What is Domestic Violence

Domestic violence is when an individual is in some way hurt by a person that he or she knows. Domestic violence is not limited to physical harm: a person also can be sexually abused or psychologically abused. Often a victim is hurt in more than one of these ways. Domestic violence usually continues over a long period of time and gets more frequent and more severe over time.

Statistics on Domestic Violence

In 2000, the National Violence Against Women Survey (US) reported, in a study of 8000 women and 8000 men, that nearly 25% of women and 7.9% of men indicated that a current or former spouse, cohabitating partner, or date victimized them at some time in their life. Rape was reported by 7.7% of women and 0.3% of men. Physical assault affected 22.1% of women and 7.4% of men. Within the previous 12 months, 0.2% of women reported having been raped, which would equate nationally to 201,394 women. Physical assault was reported by 1.3% of women and 0.9% of men, resulting in national estimates of 1,309,061 women and 834,732 men so victimized. Victimization often occurs repeatedly.
Data from the survey revealed that women averaged 6.9 physical assaults by the same partner, with men averaging 4.4 assaults. Given the data on multiple attacks per victim, it is estimated that every year approximately 4.8 million intimate partner rapes and physical assaults are perpetrated against women, and approximately 2.9 million are committed against men. Almost 5% of women and 0.6% of men in the survey indicated that an intimate had stalked them, with an annual rate of 0.5% of surveyed women and 0.2% of surveyed men. Extrapolation from these data indicates that 503,485 women and 185,496 men were stalked by an intimate partner within the previous 12 months. High-profile news may affect willingness to report domestic violence. Following the Simpson and Goldman murders, the Los Angeles County Sheriff’s Department noted a significant increase in domestic violence dispatches. Estimates indicate that at least 2 million women are assaulted by their partners each year. The true incidence may be twice that. Exact figures for males are hard to come by.

Risk Factors for Domestic Violence

Certain groups of women may be at higher risk for abuse. These include women who:

  • Are single, separated or divorced (or planning separation or divorce).
  • Are between the ages of 17 and 28.
  • Abuse alcohol or other drugs or whose partners do.
  • Are pregnant.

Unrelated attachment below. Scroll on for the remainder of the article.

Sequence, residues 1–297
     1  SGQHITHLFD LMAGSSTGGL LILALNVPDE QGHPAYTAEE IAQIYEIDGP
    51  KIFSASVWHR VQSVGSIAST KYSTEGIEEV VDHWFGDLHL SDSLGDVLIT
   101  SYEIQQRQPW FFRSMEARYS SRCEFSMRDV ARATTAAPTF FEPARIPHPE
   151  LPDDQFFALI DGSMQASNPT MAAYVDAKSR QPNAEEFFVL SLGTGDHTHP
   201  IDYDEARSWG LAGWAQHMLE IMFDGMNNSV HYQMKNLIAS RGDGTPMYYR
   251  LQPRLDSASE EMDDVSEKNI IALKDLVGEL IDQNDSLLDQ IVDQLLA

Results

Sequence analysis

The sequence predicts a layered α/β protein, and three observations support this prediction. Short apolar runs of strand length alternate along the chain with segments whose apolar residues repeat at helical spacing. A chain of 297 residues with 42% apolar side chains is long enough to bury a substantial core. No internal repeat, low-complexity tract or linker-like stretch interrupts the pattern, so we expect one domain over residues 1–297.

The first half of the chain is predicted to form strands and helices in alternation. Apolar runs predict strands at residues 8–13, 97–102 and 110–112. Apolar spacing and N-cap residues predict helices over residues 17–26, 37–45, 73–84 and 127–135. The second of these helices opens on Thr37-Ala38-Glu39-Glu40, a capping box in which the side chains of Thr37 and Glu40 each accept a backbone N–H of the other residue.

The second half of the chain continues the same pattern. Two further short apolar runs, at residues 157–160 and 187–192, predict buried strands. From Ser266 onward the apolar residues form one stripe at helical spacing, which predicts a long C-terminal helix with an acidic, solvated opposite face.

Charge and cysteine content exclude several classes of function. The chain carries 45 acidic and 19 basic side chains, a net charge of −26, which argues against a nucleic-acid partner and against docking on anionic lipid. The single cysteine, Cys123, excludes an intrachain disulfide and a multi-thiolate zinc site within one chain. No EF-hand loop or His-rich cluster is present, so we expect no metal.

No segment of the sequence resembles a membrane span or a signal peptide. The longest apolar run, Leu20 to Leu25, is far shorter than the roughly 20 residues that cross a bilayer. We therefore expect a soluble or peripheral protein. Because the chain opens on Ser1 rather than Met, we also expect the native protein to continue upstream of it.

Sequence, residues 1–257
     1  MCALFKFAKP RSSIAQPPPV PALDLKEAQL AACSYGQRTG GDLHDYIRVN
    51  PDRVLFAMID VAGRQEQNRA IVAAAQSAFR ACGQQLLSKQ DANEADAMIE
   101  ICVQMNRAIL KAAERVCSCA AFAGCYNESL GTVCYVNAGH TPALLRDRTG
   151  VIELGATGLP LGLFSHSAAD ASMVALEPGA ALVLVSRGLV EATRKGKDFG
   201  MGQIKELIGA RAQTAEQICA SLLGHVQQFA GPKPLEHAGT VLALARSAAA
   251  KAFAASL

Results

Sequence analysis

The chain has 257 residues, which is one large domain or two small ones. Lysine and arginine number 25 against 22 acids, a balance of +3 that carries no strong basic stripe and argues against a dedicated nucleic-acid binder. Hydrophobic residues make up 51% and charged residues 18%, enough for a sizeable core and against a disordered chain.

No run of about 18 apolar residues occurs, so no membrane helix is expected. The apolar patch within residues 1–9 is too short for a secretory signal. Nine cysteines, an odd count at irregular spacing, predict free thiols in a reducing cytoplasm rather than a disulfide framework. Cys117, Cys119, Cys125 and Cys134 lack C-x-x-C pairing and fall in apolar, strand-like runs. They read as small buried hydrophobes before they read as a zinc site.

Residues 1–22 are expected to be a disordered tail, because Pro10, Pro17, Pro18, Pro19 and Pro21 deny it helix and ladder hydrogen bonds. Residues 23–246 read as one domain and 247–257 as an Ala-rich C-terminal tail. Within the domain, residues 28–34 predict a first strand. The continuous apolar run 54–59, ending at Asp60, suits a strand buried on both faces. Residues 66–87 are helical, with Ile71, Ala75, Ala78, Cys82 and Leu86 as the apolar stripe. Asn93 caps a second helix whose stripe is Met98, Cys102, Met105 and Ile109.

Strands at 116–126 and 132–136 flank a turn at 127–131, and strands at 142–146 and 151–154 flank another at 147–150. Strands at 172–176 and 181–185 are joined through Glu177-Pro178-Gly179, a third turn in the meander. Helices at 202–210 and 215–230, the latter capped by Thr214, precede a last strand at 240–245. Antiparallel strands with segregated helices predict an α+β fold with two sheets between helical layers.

• Have partners who are excessively jealous or possessive.

How is Domestic Violence Diagnosed?

Characteristic injuries:

  • Bilateral injuries, especially to the extremities.
  • Injuries at multiple sites.
  • Fingernail scratches, cigarette burns, rope burns.
  • Abrasions, minor lacerations, welts.
  • Subconjunctival hemorrhage suggests a vigorous struggle between victim and assailant.
  • Fingernail markings

Three types of fingernail markings may occur, either singly or in combination as follows:

  • Impression marks: These result from fingernails cutting into the skin. They may be shaped like commas or semicircles.
  • Scratch marks: These are superficial and long and may be narrow or as wide as the fingernail. Scratches caused by the longer fingernails of women are frequently more severe than those from a male assailant.
  • Claw marks: These occur when the skin is undermined, thus they appear to be more dramatic and vicious. While claw marks may be grouped parallel markings down the front of the neck, they often are randomly scattered.

Prognosis of Domestic Violence

Domestic violence typically recurs and progressively escalates both in frequency and severity.

  • Of persons first injured by domestic violence, 75% continue to experience abuse.
  • Half of battered women who attempt suicide try again.
  • Brookoff reported a study of 62 episodes of domestic assault, in which 68% involved the use or display of weapons (5 handguns, 1 shotgun, 17 knives, and 19 blunt instruments such as hammers or baseball bats), and 15% resulted in serious injury.
  • Eighty-nine percent of victims reported previous assaults by their current assailants, with 35% experiencing violence on a daily basis.
  • The ultimate result of domestic violence may be death from suicide or homicide.

How is Domestic Violence Treated?

It may seem obvious that a victim of domestic violence should leave the abuser, but it’s not always that simple. Some victims of abuse were raised in violent households as children and are caught in a cycle of abuse. Sometimes years of psychological abuse cause victims to believe they deserve to be treated this way. They may feel defeated from repeated abuse and unable to see a way out, or they may desperately hope that the situation will change. They may fear what the abuser will do if they try to leave. Other reasons women do not leave their abusers include having no place to go, no money or no place that will accept her children; fear of losing custody of children; concerns about immigration status (being reported); and religious or cultural beliefs that make abuse seem acceptable.

Domestic Violence References

  1. Abbott J: Injuries and illnesses of domestic violence. Ann Emerg Med 1997; 29: 781-785.
  2. Bachman R, Saltzman LE: Violence against women: Estimates from the redesigned survey August 1995. NCJ-154348 Special Report. US Department of Justice.
  3. Heilig S, Rodriguez M, Martin S, Louie D, eds: Domestic violence: A practical approach for clinicians. San Francisco Medical Society: 1995.

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